[Image courtesy of ecinc]
Brian Newby’s newest ElectionDiary (“Be The Change!“) looks at the idea of change management in the field of election administration.
Building off a presentation he did for the Election Assistance Commission recently, Brian makes the point that change – which is hard in any field, including election administration – is not only expected but the kind of thing for which an election official should plan.
Here’s his take on the current situation:
[I’ve been] thinking about the election administration profession since I entered it in 2005.
When I came, there was great change in election administration. I often argued that the industry was facing more change than any other area of government. Fresh from the 2000 presidential election and the subsequent Help America Vote Act, there were significant technical and operational changes.
Plus, there was a new group of election activists poking around procedures, writing books, making videos, and–sometimes at least–seeming more intent on attacking individuals than protecting integrity in elections. To a large degree, those individuals have moved on, but not before many long-term election administrators–underpaid and devoted government employees–retired.
Things have simmered. Federal legislative activity has lessened in intensity. While many states have enacted legislation impacting elections–particularly in the area of photo identification–the pace of change has slowed.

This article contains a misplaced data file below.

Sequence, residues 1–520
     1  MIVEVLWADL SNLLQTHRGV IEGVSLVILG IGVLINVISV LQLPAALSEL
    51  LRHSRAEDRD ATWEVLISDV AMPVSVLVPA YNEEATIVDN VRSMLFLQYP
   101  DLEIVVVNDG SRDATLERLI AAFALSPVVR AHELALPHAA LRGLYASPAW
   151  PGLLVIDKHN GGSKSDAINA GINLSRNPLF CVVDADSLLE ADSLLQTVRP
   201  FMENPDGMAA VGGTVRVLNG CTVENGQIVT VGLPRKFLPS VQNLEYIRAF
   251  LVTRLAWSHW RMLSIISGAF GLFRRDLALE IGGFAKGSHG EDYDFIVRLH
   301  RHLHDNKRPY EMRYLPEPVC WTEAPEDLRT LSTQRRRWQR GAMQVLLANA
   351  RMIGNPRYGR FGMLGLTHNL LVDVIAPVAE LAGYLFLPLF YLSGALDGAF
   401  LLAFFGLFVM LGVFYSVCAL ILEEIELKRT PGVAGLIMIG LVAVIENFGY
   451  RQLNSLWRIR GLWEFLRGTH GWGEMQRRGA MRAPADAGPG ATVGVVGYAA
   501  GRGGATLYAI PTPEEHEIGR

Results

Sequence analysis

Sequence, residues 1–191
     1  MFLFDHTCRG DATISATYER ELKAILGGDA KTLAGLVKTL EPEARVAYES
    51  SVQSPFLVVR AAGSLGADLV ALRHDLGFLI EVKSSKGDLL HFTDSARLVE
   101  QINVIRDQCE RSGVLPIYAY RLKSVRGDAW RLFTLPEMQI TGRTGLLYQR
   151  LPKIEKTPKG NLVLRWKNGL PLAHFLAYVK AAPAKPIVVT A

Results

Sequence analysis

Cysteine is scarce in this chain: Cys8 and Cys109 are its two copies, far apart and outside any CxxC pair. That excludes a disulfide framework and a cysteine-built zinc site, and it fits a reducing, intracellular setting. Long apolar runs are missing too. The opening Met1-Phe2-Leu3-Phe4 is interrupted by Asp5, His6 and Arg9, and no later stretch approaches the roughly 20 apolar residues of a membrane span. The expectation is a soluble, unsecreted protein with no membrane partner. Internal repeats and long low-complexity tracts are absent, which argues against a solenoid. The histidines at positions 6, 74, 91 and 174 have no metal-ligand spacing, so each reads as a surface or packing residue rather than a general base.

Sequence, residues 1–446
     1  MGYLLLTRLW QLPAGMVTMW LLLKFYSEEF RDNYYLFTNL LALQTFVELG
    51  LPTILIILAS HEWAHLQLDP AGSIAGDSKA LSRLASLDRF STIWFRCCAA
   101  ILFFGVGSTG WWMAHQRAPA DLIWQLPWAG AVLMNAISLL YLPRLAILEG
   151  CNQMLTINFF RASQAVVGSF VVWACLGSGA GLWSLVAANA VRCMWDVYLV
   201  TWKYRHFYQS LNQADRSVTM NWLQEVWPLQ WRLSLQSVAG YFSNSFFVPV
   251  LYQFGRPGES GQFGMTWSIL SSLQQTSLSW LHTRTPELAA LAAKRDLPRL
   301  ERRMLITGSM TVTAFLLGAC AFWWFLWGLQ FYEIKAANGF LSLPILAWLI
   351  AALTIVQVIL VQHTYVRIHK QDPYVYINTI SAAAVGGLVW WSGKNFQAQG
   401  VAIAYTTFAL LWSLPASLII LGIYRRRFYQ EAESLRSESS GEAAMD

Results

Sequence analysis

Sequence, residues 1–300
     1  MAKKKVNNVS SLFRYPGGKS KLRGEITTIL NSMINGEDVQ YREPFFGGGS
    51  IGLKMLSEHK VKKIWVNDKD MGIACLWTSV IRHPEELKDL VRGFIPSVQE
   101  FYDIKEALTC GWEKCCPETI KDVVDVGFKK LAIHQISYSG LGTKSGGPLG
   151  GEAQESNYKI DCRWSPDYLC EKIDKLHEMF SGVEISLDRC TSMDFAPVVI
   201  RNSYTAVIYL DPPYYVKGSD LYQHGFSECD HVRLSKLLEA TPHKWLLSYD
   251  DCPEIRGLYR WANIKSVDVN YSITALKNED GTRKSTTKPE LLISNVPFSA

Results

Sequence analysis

Or, at least the driver of the change is shifting.
Newby’s point is simple: change in the election field is coming regardless (ask the Supreme Court) – election officials just need to decide if they are going to let it happen or make it happen:
It occur[s] to me that we’ve spent much of the last few years being changed, reacting to change created by others.
We face significant restrainers: the postal service, the availability of advance voting sites, increased voter expectations about the advance voting experience, school safety issues, and soon-to-be-obsolete technology and the necessary replacement, often without funding, of voting equipment.
As election administrators, we are now in a position to be the drivers of change, to deal with these factors in a way that preserves voting options and does so economically. This is a time that begs for great innovation, akin to the innovation that many of those previous election administrators drove before retiring in the early 2000s.
This simple post is a powerful call to the field to embrace change as a method for improving elections. Thanks to Brian for sharing and for the reminder that change is something we can do and not just endure.